With tech gadgets being released at a rapid pace, your phone, laptop or tablet is outdated the minute you walk out the door. At some point, most of us upgrade and it’s usually our smartphones. I finally broke down 4 months ago and upgraded my iPhone 3 for the iPhone 4s.

Since my iPhone 3 still worked, I decided to make it “special toy” for my toddler when we go out to eat at restaurants. I’ll admit, for the primary purpose for us being able to eat. If you are a parent that can eat and have a 2 year old who sits quietly next to you, I applaud your parenting skills. However, if my situation resonates with you, then you may appreciate these tips.

According to a PBS KIDS survey, about 25% of parents with children between 2 and 10 years old will find a second life for their personal tech devices by handing them down to their kids. Yet, with multi-tablet and multi-smartphone families becoming the norm, here are some ideas from PBS KIDS (and me) to keep kids safe when using these ‘pass-downed devices’.

Sweep it: All devices should be cleaned of any content including personal files, credit card information, etc. before handing down to kids. Parents should swipe all their browser “cookies” and perform an application sweep.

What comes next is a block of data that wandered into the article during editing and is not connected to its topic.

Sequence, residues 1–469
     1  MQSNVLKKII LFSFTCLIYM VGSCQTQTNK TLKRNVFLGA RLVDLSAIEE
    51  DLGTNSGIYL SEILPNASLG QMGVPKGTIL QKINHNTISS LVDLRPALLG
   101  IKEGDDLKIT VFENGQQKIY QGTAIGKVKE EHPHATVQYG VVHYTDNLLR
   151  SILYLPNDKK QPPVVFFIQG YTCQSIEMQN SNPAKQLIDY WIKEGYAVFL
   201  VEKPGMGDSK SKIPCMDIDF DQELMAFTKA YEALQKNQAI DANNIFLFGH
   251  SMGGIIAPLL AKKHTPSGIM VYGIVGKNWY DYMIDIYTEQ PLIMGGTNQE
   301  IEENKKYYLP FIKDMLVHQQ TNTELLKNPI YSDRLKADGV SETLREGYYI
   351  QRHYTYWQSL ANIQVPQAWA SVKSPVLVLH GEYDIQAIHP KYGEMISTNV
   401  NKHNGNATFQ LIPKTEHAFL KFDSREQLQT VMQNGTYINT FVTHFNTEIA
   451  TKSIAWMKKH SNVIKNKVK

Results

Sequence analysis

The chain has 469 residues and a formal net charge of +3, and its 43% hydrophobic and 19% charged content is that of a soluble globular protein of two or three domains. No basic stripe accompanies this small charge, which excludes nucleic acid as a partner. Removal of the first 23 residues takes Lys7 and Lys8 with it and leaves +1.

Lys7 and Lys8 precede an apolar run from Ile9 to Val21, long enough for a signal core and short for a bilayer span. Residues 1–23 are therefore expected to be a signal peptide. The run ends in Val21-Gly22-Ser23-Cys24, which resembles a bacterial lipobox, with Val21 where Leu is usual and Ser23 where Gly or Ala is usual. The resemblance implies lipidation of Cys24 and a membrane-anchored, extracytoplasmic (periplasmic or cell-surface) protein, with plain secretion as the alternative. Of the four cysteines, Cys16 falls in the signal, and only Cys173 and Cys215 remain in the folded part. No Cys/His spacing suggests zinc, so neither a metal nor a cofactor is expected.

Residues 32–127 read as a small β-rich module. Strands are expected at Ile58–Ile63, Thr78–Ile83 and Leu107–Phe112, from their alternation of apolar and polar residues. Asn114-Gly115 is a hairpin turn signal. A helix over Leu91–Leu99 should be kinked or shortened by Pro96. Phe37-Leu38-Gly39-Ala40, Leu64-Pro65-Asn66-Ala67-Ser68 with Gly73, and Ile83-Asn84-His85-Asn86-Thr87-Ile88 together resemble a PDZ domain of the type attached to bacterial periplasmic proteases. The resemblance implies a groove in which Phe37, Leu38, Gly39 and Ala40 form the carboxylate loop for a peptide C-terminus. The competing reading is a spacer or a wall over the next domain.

Secure it: There are parental controls on most tech devices that can turn certain features on and off. Settings on the iPhone, for example, that can be restricted include explicit song titles, Internet browser, YouTube, iTunes and the camera.

Set limits: As with any new toy, parents should set expectations and limitations with their kids when the device is handed down, and should encourage other forms of learning and play beyond the screen. Like I mentioned above, we only use it for “special” events.

Set age-appropriate apps: A good app is the perfect combination of education and entertainment, and should be appropriate for your child’s age and stage of development. Avoid apps that try to sell: Apps labeled “lite” or “free” often attempt to make money by trying to sell while a child is playing a game, or link to another related app that requires payment to download. For little kids, that can be frustrating. At a minimum, require a password to download items so you don’t get a large credit card bill.

Set it in a protective case: Adults are known for dropping their electronic devices. Kids more so. So make sure to buy a great case that can resist scratches and provide great impact protection.

All in all, for kids today, they have never lived in a world without voicemail, internet or cell phones, and the technology world is going to be entrenched in their future. So early use can be beneficial in learning. However, everything in moderation and with the above ‘safety tips’ in mind.

Any other ideas to share?

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